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When expanding your business to international limits, there’s a few steps you need to take in order to be prepared. This is especially pertinent when working with international clients that don’t speak the same language as you do. It’s relatively simple to prepare yourself for your new clients and we’re here to help. In this article, we’ll walk you through everything you need to do to be fully prepared to work with international clients.
Learn about the culture, customs, and language of your client
It’s important to seem welcoming, kind, and professional towards your new client and, believe it or not, those traits can be culturally subjective. Different cultures can view different things as being welcoming or not, kind or hateful, and professional or inappropriate. If you do basic research on the cultural customs and taboos of the region your client is from, you can ensure that you don’t offend them and you maintain an image of professionalism.
If necessary, prepare for a translator/interpreter
If your client speaks a language different from your own, it’s not only helpful and welcoming, but also necessary to seek the assistance of a translator and/or interpreter. You’ll need to translate your contracts so that they are still legally binding and understandable to your client, undergo negotiations, and discuss important decisions. Interpreters can allow you to communicate with your client in their language, without having to sacrifice the personal aspect of face to face conversations and negotiations with your client. You can either seek independent translators/interpreters or seek the assistance of a translation agency that will handle interpretation, translation of important documents, translation of web content and press releases, help with SEO, and more. If you choose to go with an agency, we recommend choosing one you know you can trust, like The Translation People.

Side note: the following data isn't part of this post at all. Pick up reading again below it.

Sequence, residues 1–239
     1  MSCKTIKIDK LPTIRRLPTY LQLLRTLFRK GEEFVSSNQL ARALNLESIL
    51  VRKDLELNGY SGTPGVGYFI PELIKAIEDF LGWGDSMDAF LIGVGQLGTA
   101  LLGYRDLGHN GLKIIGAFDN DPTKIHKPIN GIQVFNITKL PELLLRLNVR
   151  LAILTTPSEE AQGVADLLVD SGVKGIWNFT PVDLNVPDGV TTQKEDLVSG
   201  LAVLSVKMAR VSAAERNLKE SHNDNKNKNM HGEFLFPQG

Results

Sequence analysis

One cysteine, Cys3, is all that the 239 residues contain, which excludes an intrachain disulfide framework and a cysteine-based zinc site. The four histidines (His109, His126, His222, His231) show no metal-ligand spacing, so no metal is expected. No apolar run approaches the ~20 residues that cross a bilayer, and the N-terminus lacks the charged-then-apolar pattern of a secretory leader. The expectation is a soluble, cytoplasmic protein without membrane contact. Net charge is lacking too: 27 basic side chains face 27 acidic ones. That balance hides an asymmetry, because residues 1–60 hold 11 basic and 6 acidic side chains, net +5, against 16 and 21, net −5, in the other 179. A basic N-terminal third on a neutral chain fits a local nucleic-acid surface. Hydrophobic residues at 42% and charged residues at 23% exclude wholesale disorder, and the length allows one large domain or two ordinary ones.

Make accommodations for them
If your client is overseas, away from your location or otherwise too far or too busy to physically be present for a meeting, it doesn’t necessarily mean that you have to sacrifice that precious face to face time with the client that can make or break your business relationship. You could make accommodations for a video meeting to be arranged through a service like Skype or FaceTime, allowing you to have a face to face meeting with no travel involved. You can have your interpreter be present for that or a conference call, whichever best suits your client.
Working with international clients can be an exciting expansion for your business, but it requires a certain level of preparation beforehand. If your client speaks a language different from your own, you’ll have to get the assistance of either an independent translator/interpreter or that of a translation agency to assist in facilitating negotiations and translating contracts. Choosing an agency can help to simplify the entire process, but it can also be more expensive. Despite how you hire a translator or how you hold your meetings, your client will be pleased and impressed that you went to such lengths to accommodate for them.